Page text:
Well, results speak. [Chuckles] I mean, that's the thing. There were a number of very, very good years. There were some tough years. I've made some very strong decisions to reorient and redirect the organization, and I've gotta say, you know, the strategy is…we're executing right now, we're making good progress. So, you know the Street—the Street can be very unforgiving if you lose them money. You know, I was kind of taking it on the chin and making decisions and, you know, powering through difficult times, and that's…that's leadership.
And that's tough.
Tell me about a time you were tough.
[Exhales] Well, you know, rather than play sort of a Bad Cop, Tough Cop sort of thing, I mean, there are decisions with people all the time, but I believe fundamentally in treating people respectfully. There are times where if things are not working out, I mean, the numbers speak. You know, I've had to say goodbye to some very close colleagues at different times. Make a decision about reducing, reallocating our dividend, a couple of years ago. (2) And these are tough decisions, right? And they're not made lightly, and then you have to sell that.
In the retail space, well, guess what? We made $151 million net sales in February. We've had a 62% increase year-over-year. We are razor thin to getting there, where people at one point counted us out. Our high-net-worth business has been going solid. Our alts business, you know, didn't have anything there two years ago. We will close this year at $1 billion. And we have $1 billion in ETFs and, you know, I'd see that being a $5-billion industry for us. In the next, sort of, five years.
You said people had counted you out. How did you know?
You would just see the redemptions, right? That's the scorecard right there. You know, we're in a business where this product is sold, not bought. You need insurance. But you don't need this product. That's where, you know, you need to have very strong relationships. And, you know, after a 30-year career, I've got a pretty good sense of what people are thinking. And I can tell you, there's been a wholesale change. Talk to advisers. In part, it's why the stock is up 30%. (3)
You've spoken of the tough decisions you've made, but there was one you didn't make, which was to sell. When so many other independents like you were allowing themselves to be bought up, why didn't you sell?
I believe fundamentally that we can bring value from the different products and solutions for investors. And that this is one market that doesn't need to be dominated by large financial institutions, that differentiation is a good thing, and that Canadians ultimately do like—call it the values of an independent organization, where people have skin in the game.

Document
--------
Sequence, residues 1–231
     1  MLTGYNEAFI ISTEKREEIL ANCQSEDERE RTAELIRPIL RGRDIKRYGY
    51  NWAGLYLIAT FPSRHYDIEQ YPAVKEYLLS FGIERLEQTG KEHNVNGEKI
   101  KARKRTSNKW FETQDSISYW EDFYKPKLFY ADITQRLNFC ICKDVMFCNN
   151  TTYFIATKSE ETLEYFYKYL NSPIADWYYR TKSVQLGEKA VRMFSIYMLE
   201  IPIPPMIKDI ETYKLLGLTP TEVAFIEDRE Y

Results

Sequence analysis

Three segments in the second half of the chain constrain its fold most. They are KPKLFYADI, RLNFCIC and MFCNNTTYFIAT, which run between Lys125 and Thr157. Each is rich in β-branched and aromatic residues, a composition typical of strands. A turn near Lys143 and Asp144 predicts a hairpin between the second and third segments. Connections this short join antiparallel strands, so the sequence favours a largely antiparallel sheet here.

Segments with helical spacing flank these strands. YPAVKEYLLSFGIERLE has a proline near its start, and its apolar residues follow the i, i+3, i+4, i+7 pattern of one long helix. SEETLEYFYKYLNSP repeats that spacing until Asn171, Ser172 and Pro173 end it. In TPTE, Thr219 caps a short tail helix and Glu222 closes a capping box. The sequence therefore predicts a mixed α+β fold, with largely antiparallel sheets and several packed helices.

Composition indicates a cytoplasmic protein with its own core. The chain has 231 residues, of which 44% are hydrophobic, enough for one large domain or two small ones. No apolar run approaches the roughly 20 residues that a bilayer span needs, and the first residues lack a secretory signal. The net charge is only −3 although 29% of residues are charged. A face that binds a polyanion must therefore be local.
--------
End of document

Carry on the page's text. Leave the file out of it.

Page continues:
Did anyone try to buy you?
Over the years, there have been a number of overtures where people have sat down to talk. Never have we ever received an actual offer.
So you've never had that gut-wrenching moment.
Where we've had to go to the board or any of that? No.
What would you say is the best decision you've made over the last 17 years?
[Long pause] Very good question. [Chuckles] Because you never think of the span of time here.
I know, it's hard.
Let me just think in the span of time. [He looks at Karrie Van Belle, AGF's senior VP of marketing and communications, sitting in on the interview] Karrie wants me to say hiring her, which is probably not a bad point. [Long pause] Well, gee. There are a few. Making a decision to buy into a company called Smith & Williamson. (4) I mean, that was one of those great little gems, which you get little value for in the market. You know, I think it has to come down to people—inculcating this culture of collaboration and openness in this firm, you know?
It's quite a different environment now for mutual fund companies, and most of your profits still come from mutual funds, am I right?
You're correct. But my vision, if you will, from the firm that my dad started—which was a mutual fund company—is to really transition toward a global asset management firm. When somebody comes with an idea, I say [he taps the table], "Is this going to help us achieve that?" If it's an idea that doesn't really fit within that, then really, let's not have a long discussion.
Before we end, tell me about sitting beside Shania Twain at a Raptors playoff game.
[Startled] How do you know that?
Someone told me.
I didn't recognize she was Shania Twain. It was very nice chatting in between timeouts. Then, unfortunately, they put the camera on her and everything changed. You've got the bozos yelling. She just kind of hunkered down with her partner and their fun got dissipated. That's the part of celebrity—I don't have to worry about that. I can just go and—
Nobody knows who you are.
Nobody knows. So it's sort of nice.
1. Warren Goldring—who launched the first U.S. equity mutual fund in Canada, in 1957—passed away in 2009.
2. In December, 2014, Goldring slashed AGF's dividend by 70%. When the stock began trading that morning, the price tanked by 21% in three minutes.
3. From a low of $4.13 in January, 2016.
4. AGF bought a 32% stake in the U.K. financial services company in 2002.